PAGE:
Review by Choice Review
This readable book provides a broad exploration of the importance that scientific developments and concomitantly science fiction played in what Cheng, a Chicago-based writer, refers to as "interwar" America. The author provides many fascinating insights regarding the popular excitement of the day about both the scientific knowledge being developed and popularized and its reflection in the fiction published in the pulp magazines that began to proliferate. An interesting corollary is the connection between these fields and some of the social policies put into play simultaneously. Albert Einstein, both in his actual theories and in the many ways his work was distorted in the popular imagination, is naturally an important figure in any understanding of this melded world of science appreciation and appreciation of science fiction as a unique genre. Even those not particularly well read in this area will find much material of interest here. And readers of this field will not be disappointed with this pleasurable volume. Summing Up: Recommended. All readers. S. Raeschild Northern New Mexico College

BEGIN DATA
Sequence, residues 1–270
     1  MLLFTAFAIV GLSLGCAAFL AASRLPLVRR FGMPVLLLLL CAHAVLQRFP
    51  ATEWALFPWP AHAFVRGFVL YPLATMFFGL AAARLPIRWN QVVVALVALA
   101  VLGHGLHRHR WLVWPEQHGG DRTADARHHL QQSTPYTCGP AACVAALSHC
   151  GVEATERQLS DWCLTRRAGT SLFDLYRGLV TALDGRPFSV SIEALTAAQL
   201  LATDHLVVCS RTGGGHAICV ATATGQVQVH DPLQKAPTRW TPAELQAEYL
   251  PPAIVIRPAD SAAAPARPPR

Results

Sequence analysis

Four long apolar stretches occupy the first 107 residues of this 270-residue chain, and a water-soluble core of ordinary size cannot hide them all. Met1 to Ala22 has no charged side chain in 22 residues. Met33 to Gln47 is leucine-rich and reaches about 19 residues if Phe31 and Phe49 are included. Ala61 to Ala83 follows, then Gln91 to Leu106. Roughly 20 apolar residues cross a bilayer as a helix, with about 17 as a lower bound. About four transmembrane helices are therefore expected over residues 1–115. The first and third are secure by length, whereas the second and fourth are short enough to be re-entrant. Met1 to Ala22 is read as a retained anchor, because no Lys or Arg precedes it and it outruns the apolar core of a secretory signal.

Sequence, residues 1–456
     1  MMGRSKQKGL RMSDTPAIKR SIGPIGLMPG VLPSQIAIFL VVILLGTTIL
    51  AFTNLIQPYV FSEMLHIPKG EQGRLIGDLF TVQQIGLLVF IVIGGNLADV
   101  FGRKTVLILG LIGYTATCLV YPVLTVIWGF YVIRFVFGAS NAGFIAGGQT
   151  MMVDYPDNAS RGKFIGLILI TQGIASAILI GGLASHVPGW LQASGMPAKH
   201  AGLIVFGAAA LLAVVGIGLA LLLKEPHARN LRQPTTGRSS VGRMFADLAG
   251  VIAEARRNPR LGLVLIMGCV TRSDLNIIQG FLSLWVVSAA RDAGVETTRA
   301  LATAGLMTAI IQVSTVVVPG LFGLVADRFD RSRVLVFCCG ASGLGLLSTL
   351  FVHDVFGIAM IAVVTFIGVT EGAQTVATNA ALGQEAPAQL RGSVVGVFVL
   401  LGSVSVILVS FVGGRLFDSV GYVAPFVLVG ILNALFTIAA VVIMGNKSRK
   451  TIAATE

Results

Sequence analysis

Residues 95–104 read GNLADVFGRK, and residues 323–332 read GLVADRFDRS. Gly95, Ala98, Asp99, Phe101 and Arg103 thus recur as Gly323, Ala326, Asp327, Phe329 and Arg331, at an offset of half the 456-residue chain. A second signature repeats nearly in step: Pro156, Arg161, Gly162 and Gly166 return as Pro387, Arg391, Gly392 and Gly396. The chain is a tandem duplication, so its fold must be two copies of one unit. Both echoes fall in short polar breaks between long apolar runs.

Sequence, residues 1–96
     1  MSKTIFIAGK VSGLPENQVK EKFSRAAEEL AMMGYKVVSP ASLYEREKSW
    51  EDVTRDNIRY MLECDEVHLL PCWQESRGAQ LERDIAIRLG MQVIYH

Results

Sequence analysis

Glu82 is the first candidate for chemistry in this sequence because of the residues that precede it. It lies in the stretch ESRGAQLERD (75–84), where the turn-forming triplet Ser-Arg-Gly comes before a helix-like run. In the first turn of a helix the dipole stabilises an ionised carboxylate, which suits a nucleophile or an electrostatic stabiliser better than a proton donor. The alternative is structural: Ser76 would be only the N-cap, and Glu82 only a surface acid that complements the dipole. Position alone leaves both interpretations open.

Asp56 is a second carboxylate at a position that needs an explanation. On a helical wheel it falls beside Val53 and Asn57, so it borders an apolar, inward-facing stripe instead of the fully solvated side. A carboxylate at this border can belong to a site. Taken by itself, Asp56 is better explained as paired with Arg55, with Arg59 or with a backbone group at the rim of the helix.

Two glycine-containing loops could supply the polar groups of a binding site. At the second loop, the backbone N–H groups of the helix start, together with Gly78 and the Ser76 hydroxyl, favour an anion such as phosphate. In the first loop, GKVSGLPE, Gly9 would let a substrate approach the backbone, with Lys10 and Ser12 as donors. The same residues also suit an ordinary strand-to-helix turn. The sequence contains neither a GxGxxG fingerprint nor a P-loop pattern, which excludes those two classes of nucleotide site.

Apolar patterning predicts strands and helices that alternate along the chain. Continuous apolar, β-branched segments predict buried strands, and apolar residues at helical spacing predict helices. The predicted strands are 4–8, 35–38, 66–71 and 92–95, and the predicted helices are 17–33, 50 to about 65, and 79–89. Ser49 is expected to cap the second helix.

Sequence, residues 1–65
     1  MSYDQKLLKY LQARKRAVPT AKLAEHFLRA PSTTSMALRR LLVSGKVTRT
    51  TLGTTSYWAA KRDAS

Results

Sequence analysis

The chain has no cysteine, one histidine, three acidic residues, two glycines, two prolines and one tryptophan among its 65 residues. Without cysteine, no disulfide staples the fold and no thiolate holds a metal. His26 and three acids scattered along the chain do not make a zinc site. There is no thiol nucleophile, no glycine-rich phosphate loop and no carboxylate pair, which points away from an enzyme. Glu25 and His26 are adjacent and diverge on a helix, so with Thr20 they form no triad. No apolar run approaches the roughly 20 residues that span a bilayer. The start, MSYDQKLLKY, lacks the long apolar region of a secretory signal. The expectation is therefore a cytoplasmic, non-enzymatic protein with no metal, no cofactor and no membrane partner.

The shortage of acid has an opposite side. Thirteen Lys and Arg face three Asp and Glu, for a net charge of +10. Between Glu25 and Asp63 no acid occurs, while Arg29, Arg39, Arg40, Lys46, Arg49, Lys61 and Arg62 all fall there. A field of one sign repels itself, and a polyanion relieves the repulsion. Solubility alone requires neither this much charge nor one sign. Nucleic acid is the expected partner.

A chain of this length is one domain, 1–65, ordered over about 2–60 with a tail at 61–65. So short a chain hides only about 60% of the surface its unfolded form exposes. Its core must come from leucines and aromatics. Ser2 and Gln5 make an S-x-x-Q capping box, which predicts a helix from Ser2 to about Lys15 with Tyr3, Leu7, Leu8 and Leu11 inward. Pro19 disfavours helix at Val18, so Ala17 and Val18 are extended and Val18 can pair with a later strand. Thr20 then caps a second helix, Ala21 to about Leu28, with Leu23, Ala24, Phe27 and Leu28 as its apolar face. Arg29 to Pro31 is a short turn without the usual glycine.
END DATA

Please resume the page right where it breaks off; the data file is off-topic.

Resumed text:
Copyright American Library Association, used with permission.